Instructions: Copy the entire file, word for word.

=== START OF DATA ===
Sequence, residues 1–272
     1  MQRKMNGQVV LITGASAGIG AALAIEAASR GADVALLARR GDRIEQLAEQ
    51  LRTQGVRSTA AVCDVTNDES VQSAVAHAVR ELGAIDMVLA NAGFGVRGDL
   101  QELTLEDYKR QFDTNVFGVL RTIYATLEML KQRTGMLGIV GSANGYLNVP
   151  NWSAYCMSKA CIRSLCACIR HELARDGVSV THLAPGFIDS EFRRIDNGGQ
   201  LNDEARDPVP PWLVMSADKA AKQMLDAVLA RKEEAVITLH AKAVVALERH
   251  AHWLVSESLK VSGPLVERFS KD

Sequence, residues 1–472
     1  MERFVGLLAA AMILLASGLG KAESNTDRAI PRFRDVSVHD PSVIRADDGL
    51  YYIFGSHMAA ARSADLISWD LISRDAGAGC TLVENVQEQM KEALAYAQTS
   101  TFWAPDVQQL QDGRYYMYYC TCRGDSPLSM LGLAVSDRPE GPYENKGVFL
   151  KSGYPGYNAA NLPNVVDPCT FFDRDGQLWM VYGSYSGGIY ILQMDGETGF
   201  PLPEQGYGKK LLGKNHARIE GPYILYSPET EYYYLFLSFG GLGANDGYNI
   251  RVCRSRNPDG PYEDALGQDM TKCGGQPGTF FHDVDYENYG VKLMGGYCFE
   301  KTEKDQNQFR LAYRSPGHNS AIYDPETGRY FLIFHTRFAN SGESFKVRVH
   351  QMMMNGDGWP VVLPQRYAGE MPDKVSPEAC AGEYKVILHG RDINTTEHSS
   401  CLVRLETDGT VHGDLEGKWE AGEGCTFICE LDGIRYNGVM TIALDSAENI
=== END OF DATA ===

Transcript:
Sequence, residues 1–272
     1  MQRKMNGQVV LITGASAGIG AALAIEAASR GADVALLARR GDRIEQLAEQ
    51  LRTQGVRSTA AVCDVTNDES VQSAVAHAVR ELGAIDMVLA NAGFGVRGDL
   101  QELTLEDYKR QFDTNVFGVL RTIYATLEML KQRTGMLGIV GSANGYLNVP
   151  NWSAYCMSKA CIRSLCACIR HELARDGVSV THLAPGFIDS EFRRIDNGGQ
   201  LNDEARDPVP PWLVMSADKA AKQMLDAVLA RKEEAVITLH AKAVVALERH
   251  AHWLVSESLK VSGPLVERFS KD

Sequence, residues 1–472
     1  MERFVGLLAA AMILLASGLG KAESNTDRAI PRFRDVSVHD PSVIRADDGL
    51  YYIFGSHMAA ARSADLISWD LISRDAGAGC TLVENVQEQM KEALAYAQTS
   101  TFWAPDVQQL QDGRYYMYYC TCRGDSPLSM LGLAVSDRPE GPYENKGVFL
   151  KSGYPGYNAA NLPNVVDPCT FFDRDGQLWM VYGSYSGGIY ILQMDGETGF
   201  PLPEQGYGKK LLGKNHARIE GPYILYSPET EYYYLFLSFG GLGANDGYNI
   251  RVCRSRNPDG PYEDALGQDM TKCGGQPGTF FHDVDYENYG VKLMGGYCFE
   301  KTEKDQNQFR LAYRSPGHNS AIYDPETGRY FLIFHTRFAN SGESFKVRVH
   351  QMMMNGDGWP VVLPQRYAGE MPDKVSPEAC AGEYKVILHG RDINTTEHSS
   401  CLVRLETDGT VHGDLEGKWE AGEGCTFICE LDGIRYNGVM TIALDSAENI